Though cats and dogs differ greatly, both domestic pets require certain vaccinations to help them maintain a healthy lifestyle.  While there are many kinds of vaccination options for your pet, some cats may need different shots than others depending on the area in which they live, and the different perils they may be subjected to.  The American Association for Feline Practitioners separates cat vaccinations into two categories: the core vaccinations and non-core vaccinations.

Core vaccinations for felines include Rabies, which domestic pets are required to be given. However, the World Small Animal Veterinarian Association regards rabies as a non-core vaccine; meaning the value of the shot remains contested as to whether or not it should be necessary for felines. Cats are also generally required in most states to be given a vaccine for the FVR (feline viral rhinotracheitis) or cat flu, which has been known to cause pneumonia and sometimes death in kittens. Other vaccinations include the  FCV (feline calicivirus) another respiratory illness, and FPV (feline panleukopenia virus) or distemper which is another fatal and severely contagious disease.)  Most vaccinations are administered within the first few weeks and months of a kitten’s life, and thereafter given as “booster” shots every 1-3 years.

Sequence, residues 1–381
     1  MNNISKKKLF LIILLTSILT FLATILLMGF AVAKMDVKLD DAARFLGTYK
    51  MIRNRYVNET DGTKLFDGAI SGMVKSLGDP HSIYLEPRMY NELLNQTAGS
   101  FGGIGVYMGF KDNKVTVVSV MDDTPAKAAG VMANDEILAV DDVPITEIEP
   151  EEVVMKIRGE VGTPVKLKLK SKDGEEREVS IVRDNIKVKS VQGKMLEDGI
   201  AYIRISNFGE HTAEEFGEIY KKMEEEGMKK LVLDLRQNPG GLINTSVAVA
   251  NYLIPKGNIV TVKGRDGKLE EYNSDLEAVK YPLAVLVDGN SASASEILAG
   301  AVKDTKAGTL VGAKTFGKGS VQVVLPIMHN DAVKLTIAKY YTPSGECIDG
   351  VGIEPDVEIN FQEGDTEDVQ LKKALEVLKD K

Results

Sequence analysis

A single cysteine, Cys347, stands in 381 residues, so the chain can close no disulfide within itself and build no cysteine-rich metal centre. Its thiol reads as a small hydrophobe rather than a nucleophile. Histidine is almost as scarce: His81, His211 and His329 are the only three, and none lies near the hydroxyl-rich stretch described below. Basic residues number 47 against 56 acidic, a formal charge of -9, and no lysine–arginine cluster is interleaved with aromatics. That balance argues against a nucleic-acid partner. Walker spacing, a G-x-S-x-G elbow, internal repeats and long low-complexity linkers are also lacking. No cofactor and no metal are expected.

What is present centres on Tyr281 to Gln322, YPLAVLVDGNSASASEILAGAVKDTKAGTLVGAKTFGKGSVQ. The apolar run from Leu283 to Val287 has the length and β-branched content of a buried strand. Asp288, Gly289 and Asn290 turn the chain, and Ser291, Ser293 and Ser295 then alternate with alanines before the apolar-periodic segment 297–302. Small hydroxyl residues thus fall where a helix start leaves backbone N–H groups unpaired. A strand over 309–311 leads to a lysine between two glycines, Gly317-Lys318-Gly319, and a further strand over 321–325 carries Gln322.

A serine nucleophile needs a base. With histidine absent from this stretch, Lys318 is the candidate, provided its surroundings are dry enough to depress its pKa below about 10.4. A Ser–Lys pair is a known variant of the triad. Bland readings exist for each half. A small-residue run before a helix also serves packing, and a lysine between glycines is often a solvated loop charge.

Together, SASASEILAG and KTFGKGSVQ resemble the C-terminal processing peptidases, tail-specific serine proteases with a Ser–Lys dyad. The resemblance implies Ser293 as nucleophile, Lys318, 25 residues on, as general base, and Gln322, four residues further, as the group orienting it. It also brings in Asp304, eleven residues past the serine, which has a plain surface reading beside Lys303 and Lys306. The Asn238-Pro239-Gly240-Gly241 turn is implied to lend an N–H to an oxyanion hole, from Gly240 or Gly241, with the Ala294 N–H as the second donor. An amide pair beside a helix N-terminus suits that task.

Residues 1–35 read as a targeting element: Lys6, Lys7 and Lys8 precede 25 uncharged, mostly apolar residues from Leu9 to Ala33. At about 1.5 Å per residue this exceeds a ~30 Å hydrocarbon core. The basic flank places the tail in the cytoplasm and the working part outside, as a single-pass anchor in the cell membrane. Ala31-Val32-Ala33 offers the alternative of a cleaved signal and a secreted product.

Non-Core vaccinations for cats include chlamydophilia felis, the FeLV (feline leukemia virus), and Bordetella which should be given six months prior to any contact with a larger community of pets/show animals.  This vaccine protects against the kennel cough often shared by show animals or pets that board in kennels and are subjected to pets that have picked up colds or infectious diseases. Finally, cats are also encouraged to get the FIV vaccine for the feline immunodeficiency virus, or feline aids, which threatens many domestic cats.  Some also view rabies as more of an optional vaccination, though most responsible pet parents provide this shot for their kittens.

For a better understanding of what vaccines will be right for your cat, refer to your local veterinarian to make sure the kitty receives all proper protective shots.